All of these resources are free and their usefulness is contingent on your diligence in studying independently.
If you (figuratively) need someone to hold your feet to the fire to advance in your studies, you may resort to an online tutor, as mentioned above.
However, to the best of our knowledge, very few tutors work for free... except for Superprof tutors – at least, for their first hour of working with you.
Indeed it is true that most Superprof tutors offer their first hour at no charge so that you two can get to know one another and find out if your learning goals are in line with his/her knowledge stores.
To find out if this is the right solution for you, read more about the cost of in-home tutoring and online tutoring for geography.
What Can a Degree in Geography Do for You?
Before we start this segment, let us answer the question at the start of this article; the one about three explorers living today.
Bear Grylls, adventurer and Scout leader who keeps pushing his boundaries, often for charity
Ranulph Fiennes is the Guinness Book of Records’ greatest living explorer (1984); he’s not done yet!
Robert Ballard, the discoverer of the Titanic and other shipwrecks, is a leader in ocean exploration.
Here are a few other amazing explorers you should know about!
Now let’s see what type of exploration a geography degree can lead you to.
If you are conscious of environmental change and are driven to find sustainable solutions to some of the most challenging issues facing humanity today, becoming a geographer is the best place to start.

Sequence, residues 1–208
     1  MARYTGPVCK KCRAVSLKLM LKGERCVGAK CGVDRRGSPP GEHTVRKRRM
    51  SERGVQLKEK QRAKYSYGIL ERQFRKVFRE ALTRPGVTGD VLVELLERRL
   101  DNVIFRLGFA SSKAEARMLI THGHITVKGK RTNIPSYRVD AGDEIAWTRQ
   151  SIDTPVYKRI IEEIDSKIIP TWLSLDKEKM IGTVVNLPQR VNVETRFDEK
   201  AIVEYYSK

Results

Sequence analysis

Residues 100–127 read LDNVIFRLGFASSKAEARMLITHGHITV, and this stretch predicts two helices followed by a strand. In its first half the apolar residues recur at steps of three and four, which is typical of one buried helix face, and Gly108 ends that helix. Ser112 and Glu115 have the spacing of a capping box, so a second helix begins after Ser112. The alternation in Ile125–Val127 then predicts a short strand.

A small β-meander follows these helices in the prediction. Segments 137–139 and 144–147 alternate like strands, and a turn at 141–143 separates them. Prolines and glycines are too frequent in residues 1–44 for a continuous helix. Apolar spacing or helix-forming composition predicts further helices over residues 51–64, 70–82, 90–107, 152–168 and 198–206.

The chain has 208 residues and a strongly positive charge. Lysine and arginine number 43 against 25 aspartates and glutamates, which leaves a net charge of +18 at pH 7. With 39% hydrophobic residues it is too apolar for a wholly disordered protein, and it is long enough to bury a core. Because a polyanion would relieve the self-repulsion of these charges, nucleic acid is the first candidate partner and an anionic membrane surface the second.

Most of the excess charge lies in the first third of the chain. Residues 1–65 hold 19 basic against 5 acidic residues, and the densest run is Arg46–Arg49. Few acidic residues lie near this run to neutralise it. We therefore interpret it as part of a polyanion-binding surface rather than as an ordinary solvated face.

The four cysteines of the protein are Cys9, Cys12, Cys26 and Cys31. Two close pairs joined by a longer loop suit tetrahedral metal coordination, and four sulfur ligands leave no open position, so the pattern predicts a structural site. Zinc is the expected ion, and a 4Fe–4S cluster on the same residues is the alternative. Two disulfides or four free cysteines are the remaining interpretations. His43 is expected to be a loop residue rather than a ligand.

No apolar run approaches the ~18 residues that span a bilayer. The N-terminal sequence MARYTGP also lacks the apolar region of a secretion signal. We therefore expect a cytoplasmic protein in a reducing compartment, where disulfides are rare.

As an undergraduate student, your coursework would consist of introductory material in this humanities discipline: geospatial analysis, urban and cultural geography, the study of ecosystems and geopolitics.
You may also work on a research project; doing fieldwork and analyzing your finds.
From there, you could decide to specialise as a graduate student, focusing on either physical or human geography.
Consider the adventure this education will provide! Even better: consider what this education will prepare you for...
You will be qualified to place yourself at the forefront of every effort to preserve earth’s resources for generations to come.
You will be the one to forge new ground in natural resource conservation and urbanization. Conversely, if oceanography is your passion, you might be one of the first explorers of the Mariana Trench!
Provided there are submarines built to withstand extreme pressure by the time you graduate.
Or perhaps you could help unlock the mystery of entire pods of whales beaching themselves in New Zealand...
Many students wonder what they could do with a degree in geography, but that is only because of the common perception that there is nothing new to explore, discover or learn from our earth and its biodiversity, or from climatic phenomenon.
How terribly jaded that makes us all sound!
Go ahead: prove us all wrong. Discover your own reasons to study geography.